Finding ways to make the Forest Service more accountable is an admirable task. Excluding the public from Forest Service decisions will make things worse. The Charter Forest idea will exclude the public from decision-making processes. Charter forest projects will likely cost the taxpayers more and provide environmentally harmful results.
The vast majority of the public landowners don't want the local managers to make decisions by themselves. It is a thinly disguised attempt to turn control of national forests over to local resource-extraction interests. This tack is nothing new. Reagan tried it in the 1980s. Sen. Larry Craig tried it again in the 1990s. "Analysis paralysis" and "gridlock" are words used by the timber industry to change how we view the laws. Although environmental laws are not perfect, they are working well, if you want to protect wildlands, wildlife and clean water.
The so-called "great experiment" of local control can be predicted accurately enough by looking at locally owned private lands in Idaho. Roads, clear-cuts and dirty water are the order of the day. Exempting us from any kind of administrative appeals process will likely lead to more lawsuits and wasted resources and the exclusion of the grass roots.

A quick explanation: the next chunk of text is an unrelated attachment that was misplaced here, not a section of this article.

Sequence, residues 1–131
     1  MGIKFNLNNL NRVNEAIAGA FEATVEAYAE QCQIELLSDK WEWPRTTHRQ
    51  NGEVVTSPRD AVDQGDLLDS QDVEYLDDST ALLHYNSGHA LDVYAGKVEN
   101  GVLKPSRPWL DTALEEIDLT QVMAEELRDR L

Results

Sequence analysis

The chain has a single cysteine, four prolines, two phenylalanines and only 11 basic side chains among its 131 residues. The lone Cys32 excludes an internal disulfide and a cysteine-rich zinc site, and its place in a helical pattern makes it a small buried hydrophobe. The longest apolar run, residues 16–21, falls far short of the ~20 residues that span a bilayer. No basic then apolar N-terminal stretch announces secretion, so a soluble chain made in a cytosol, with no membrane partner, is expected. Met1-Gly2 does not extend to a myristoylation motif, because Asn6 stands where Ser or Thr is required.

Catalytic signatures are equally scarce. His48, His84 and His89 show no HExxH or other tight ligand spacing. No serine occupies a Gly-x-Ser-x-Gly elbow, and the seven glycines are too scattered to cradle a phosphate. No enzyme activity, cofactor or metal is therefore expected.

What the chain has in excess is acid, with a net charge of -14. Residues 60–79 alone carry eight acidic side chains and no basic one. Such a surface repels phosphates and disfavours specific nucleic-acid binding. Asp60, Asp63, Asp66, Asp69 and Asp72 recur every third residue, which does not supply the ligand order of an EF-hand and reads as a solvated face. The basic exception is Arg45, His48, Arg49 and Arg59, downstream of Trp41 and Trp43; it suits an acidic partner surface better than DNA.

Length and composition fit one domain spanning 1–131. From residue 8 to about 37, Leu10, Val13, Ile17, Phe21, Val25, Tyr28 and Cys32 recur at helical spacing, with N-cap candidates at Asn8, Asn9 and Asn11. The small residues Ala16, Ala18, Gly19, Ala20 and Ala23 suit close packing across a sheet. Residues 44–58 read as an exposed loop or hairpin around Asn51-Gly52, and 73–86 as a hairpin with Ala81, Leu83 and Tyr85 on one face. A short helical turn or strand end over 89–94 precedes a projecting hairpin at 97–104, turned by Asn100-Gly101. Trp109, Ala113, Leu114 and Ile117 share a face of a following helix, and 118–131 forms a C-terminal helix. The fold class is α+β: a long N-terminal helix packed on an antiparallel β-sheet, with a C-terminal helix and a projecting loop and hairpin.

The National Environmental Policy Act process doesn't need another layer for decision making. Collaborative councils slow down the process and have not proven to be successful. Randal O'Toole wants to try out some new management ideas.ÊI suggest he try out local management of his private land without his being part of the decision-making process.ÊPerhaps in his next article he will share how well it worked out.
- Rachelle Huddleston-Lorton on What I learned from 30 years with the Forest Service
- David Nix on Enough is enough at the Glen Canyon Recreation Area
- Mark Bailey on Enough is enough at the Glen Canyon Recreation Area
- Mark Bailey on What I learned from 30 years with the Forest Service
- Tom McCarty on Enough is enough at the Glen Canyon Recreation Area